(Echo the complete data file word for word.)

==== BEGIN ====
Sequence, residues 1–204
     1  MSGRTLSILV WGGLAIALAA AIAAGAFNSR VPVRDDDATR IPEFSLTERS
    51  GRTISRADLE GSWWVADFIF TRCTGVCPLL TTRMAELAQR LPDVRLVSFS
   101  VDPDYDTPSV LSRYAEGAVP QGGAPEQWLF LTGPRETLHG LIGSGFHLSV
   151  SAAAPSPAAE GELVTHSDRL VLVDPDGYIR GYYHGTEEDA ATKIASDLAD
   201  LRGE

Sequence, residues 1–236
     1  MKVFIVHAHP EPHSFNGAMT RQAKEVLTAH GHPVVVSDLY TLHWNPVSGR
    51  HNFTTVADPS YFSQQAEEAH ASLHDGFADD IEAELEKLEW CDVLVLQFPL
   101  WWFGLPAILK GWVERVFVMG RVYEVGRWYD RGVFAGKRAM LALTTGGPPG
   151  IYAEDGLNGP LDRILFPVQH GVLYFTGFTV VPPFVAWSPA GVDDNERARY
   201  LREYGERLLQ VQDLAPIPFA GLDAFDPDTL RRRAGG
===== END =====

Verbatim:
Sequence, residues 1–204
     1  MSGRTLSILV WGGLAIALAA AIAAGAFNSR VPVRDDDATR IPEFSLTERS
    51  GRTISRADLE GSWWVADFIF TRCTGVCPLL TTRMAELAQR LPDVRLVSFS
   101  VDPDYDTPSV LSRYAEGAVP QGGAPEQWLF LTGPRETLHG LIGSGFHLSV
   151  SAAAPSPAAE GELVTHSDRL VLVDPDGYIR GYYHGTEEDA ATKIASDLAD
   201  LRGE

Sequence, residues 1–236
     1  MKVFIVHAHP EPHSFNGAMT RQAKEVLTAH GHPVVVSDLY TLHWNPVSGR
    51  HNFTTVADPS YFSQQAEEAH ASLHDGFADD IEAELEKLEW CDVLVLQFPL
   101  WWFGLPAILK GWVERVFVMG RVYEVGRWYD RGVFAGKRAM LALTTGGPPG
   151  IYAEDGLNGP LDRILFPVQH GVLYFTGFTV VPPFVAWSPA GVDDNERARY
   201  LREYGERLLQ VQDLAPIPFA GLDAFDPDTL RRRAGG